With the adult contest being broadcast on the BBC and Junior Eurovision (in the past) and The Voice Kids being broadcast on ITV, there is a bit of a clash here. If the UK could pick up where they left off and score a few top 5 finishes, that would surely but a spanner in the works for those members of the British public who are adamant that “the UK will never win” and that “Europe hates us and just votes for their friends”. Such a thought process hadn’t fully set in by 2003. Jessica Garlick had just finished 3rd with Come Back in Eurovision 2002. Maybe Jemini’s result could have just been a one-off? However, despite the contest’s improving reputation and consistent viewing figures, a clear majority of Britons cannot shake the thought process that the UK will never win Eurovision again.
Success in Junior Eurovision, something that is easier to come by due to the smaller field, could have a very positive knock-on effect for the BBC. Imagine how positive headlines would be if the UK won a Eurovision. The chances of winning Junior Eurovision are much higher than winning the adult contest and, for believers of the diaspora theory, the jury-only vote in the junior contest should only be advantageous for the UK.
#3: Success for Malta, debuts from Australia and Ireland
For the first time in Junior Eurovision history, 2015 saw three nations with English as an official language take part in the contest. Australia and Ireland both took part for the first time. Meanwhile, Malta secured their second victory in the space of three years. Malta have proved that an isolated island can win Junior Eurovision on multiple occasions. Furthermore, Australia have secured two top half finishes out of a possible two. Irish broadcaster TG4 insists that Irish be the main language of Ireland’s entry in the contest so aren’t comparable success-wise. Nevertheless, there is a significant market of native English speakers for the UK to tap into across the Irish sea that wasn’t there before.
Indeed, the language rule is still in place in the Junior Eurovision Song Contest. Only a small part of an entry can be performed in a language that isn’t an official language of the country. Many countries opt to include English choruses in their Junior Eurovision entries these days. They believe that there is an advantage to performing in English. A similar theme is present in the adult contest. All but a handful of countries enter songs entirely in English as a result of the free-language rule there. Therefore, the UK should seize the opportunity to be one of only four countries that would be able to perform entirely in English.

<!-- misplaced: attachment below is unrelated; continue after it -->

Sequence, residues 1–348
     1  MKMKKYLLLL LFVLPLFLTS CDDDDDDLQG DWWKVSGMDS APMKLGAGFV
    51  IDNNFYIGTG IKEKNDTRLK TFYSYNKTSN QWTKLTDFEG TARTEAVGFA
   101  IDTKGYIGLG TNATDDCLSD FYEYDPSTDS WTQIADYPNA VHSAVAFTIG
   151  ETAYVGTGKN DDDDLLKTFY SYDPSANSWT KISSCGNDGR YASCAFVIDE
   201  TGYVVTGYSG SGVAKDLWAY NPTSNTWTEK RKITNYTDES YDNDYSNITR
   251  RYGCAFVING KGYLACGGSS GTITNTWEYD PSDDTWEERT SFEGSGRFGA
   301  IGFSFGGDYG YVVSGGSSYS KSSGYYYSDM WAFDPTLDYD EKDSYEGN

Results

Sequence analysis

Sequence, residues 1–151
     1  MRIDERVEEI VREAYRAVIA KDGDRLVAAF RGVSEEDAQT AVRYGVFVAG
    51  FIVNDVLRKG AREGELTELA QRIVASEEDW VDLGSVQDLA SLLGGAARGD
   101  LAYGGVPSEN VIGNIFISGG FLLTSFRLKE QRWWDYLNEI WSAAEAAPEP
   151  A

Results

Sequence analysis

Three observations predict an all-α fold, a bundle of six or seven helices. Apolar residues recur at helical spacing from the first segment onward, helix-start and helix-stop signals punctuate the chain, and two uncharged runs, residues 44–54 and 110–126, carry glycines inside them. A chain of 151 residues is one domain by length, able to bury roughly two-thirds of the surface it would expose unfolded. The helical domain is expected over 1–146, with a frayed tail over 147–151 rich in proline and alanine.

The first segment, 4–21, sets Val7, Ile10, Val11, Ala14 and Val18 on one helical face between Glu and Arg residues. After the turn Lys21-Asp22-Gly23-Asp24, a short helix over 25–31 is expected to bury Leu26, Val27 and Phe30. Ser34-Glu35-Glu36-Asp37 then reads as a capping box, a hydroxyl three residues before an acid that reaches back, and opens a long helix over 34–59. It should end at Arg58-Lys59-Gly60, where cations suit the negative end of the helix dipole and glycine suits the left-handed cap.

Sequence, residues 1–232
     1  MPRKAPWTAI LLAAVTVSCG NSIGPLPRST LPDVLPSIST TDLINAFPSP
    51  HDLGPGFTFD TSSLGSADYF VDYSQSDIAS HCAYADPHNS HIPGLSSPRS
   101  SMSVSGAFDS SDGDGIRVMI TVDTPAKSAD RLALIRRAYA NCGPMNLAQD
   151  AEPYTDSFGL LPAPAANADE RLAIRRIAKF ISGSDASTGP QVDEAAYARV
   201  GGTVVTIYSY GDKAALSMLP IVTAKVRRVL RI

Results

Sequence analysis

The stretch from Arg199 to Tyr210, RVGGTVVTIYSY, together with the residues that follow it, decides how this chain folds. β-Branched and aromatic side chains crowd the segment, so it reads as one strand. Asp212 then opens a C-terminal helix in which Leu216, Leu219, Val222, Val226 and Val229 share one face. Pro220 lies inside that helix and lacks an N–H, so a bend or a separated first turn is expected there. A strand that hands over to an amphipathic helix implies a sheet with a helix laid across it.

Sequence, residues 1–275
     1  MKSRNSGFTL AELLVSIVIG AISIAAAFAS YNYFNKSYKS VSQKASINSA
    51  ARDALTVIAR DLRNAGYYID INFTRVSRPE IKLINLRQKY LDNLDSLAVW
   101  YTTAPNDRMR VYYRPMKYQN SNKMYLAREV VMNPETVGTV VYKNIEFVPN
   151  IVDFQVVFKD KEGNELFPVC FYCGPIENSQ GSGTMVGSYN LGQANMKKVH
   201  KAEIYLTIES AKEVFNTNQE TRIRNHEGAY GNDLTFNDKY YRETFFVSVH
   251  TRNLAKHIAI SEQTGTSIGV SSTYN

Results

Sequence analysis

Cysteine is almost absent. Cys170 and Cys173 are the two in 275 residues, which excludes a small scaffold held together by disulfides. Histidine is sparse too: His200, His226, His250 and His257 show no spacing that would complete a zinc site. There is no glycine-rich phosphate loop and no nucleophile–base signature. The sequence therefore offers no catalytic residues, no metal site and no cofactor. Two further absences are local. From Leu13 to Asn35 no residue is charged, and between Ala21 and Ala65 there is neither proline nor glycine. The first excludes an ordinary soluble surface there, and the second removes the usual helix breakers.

Surely it’s a done deal right?
So what does ITV have to lose? The two key stumbling blocks will be participation fees and low viewing figures. According to The Guardian, ITV spent approximately £50 million on acquiring the rights for The Voice and The Voice Kids. These contracts are for three and two years respectively. Last year, it was reported by Philenews that CyBC’s participation fee for Cyprus’ participation at Junior Eurovision 2016 was €30,000 (£25,500). In addition, it was reported their fee for the 2017 adult contest stood at €40,000 (£34,000).
According to Dr. Eamonn Butler of adamsmith.org, the BBC’s fee for the adult contest in 2012 was approximately £300,000 (€355,000). Using a similar ratio to that of Cyprus, the UK may expect to spend £225,000 to participate in the Junior contest. With no “big 5” equivalent in Junior Eurovision, this figure could perhaps be significant lower. You would expect this is a drop in the ocean for a broadcaster that spends £2 million per live episode of The X Factor every year. Of course, in the event the UK won Junior Eurovision, it would cost substantially more to host the contest. Nevertheless, they could follow Italy’s lead and pass over the rights if they should so wish while still receiving the positive coverage for their victory.
The controversial new time slot may benefit ITV
Viewing figures have long been a problem for many Junior Eurovision participating countries. It wouldn’t have been a UK-only issues back in the mid-2000s. Why should ITV waste a primetime TV slot on something that could get substantially less figures than The X Factor does at the same time of year? The contest’s new Sunday afternoon slot should appeal to ITV. Viewing figures on ITV on a Sunday afternoon wouldn’t get much higher than the 2 million mark. With constant promotion via The Voice Kids UK, I think Junior Eurovision wouldn’t be too far off that mark.
At the very least, the introduction of The Voice Kids should encourage ITV to give Junior Eurovision another go. Imagine a Pixie Lott-written song performed by the winner of the first ever series of The Voice Kids UK taking victory in Tbilisi in November. Brexit who? Europe hates us what? Junior Eurovision may just be the key to reversing the UK’s fortunes in even the adult contest. In the future, it could secure the Eurovision brand a healthier reputation to add to its consistent popularity here in the UK.